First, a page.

I have some people in this virtual world that I am most pleased to be associated with. Some I’ve met in real life, and they’ve brought me a great deal of courage and insight as I make my way through this world. Others I interact with just through this here computer. I wish I could say that all of the folks I’ve met at school or at my jobs mean more to me than those who’ve found me through the blog or twitter, but that would just be a lie. And, while it would be a lie to say I am against lying, I want to be honest in this post (as I try to be in most) and tell you that it simply is not true. If I know you in real life, I may like you less than the person about whom I am writing today.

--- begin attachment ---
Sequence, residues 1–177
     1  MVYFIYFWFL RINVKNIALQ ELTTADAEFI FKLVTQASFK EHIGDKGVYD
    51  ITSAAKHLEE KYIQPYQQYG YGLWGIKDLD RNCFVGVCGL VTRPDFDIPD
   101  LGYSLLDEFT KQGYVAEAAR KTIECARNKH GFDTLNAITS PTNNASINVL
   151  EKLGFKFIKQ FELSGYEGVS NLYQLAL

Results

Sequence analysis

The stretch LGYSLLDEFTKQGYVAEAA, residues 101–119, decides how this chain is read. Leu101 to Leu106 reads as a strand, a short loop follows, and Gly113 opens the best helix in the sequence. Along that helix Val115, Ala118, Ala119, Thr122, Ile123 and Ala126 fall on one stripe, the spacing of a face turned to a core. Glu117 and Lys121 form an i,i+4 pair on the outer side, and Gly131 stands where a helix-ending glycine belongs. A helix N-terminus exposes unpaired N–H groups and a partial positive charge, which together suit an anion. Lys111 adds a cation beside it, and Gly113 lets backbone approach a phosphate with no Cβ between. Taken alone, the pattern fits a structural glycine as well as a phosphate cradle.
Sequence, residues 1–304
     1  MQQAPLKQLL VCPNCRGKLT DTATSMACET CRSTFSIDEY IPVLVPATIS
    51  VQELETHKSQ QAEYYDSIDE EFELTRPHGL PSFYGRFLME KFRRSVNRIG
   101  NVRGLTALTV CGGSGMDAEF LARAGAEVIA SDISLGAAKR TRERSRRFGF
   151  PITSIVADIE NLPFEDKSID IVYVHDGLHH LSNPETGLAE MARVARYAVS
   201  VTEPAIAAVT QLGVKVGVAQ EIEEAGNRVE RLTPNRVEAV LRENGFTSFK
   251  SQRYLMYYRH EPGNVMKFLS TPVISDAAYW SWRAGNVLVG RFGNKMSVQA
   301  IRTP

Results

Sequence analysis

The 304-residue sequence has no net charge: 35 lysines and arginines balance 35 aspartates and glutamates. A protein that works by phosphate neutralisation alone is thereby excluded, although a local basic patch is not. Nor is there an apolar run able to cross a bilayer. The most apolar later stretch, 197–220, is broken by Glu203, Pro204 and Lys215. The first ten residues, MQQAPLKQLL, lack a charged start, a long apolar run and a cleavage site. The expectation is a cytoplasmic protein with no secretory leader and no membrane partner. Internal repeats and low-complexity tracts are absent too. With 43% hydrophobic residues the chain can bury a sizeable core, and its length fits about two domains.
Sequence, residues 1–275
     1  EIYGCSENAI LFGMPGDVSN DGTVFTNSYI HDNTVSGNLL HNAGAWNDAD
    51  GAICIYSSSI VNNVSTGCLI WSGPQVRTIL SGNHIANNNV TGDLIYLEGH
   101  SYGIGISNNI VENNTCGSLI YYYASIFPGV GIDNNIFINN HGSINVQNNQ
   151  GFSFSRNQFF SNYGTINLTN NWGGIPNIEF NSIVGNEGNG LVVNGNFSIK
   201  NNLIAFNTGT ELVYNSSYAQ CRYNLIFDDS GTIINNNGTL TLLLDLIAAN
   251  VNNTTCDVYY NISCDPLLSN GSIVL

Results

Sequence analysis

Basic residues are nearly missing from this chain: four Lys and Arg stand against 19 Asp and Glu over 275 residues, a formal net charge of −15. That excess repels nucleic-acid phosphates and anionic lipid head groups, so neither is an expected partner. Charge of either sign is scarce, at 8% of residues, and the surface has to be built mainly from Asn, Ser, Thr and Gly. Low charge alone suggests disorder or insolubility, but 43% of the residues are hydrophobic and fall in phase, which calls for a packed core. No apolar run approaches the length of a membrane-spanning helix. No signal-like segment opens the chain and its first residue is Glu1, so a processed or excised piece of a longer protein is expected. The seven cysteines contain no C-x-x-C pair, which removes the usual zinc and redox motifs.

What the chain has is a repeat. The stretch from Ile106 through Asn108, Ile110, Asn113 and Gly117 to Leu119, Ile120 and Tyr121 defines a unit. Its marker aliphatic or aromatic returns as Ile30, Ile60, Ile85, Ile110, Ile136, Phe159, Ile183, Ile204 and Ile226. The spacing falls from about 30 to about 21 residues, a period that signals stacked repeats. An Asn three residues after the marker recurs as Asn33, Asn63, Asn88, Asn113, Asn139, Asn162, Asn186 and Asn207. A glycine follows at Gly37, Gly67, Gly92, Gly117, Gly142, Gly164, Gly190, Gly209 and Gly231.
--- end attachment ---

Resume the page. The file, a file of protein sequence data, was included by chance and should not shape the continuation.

So, what was I saying? Oh yes, real life. Right. As I was saying. The folks I’ve come to ‘know’ (and I use the quotes simply to separate what convention calls knowing versus ‘knowing’ in the sense of gleaming what I can through conversations that take place online) are remarkable. Truly they are. They are soldiers (literally) and fighters (figuratively) artists and thinkers. Some are comedians and comediennes. It is, as I’ve said, Ernest Hemingway’s Paris for shut ins.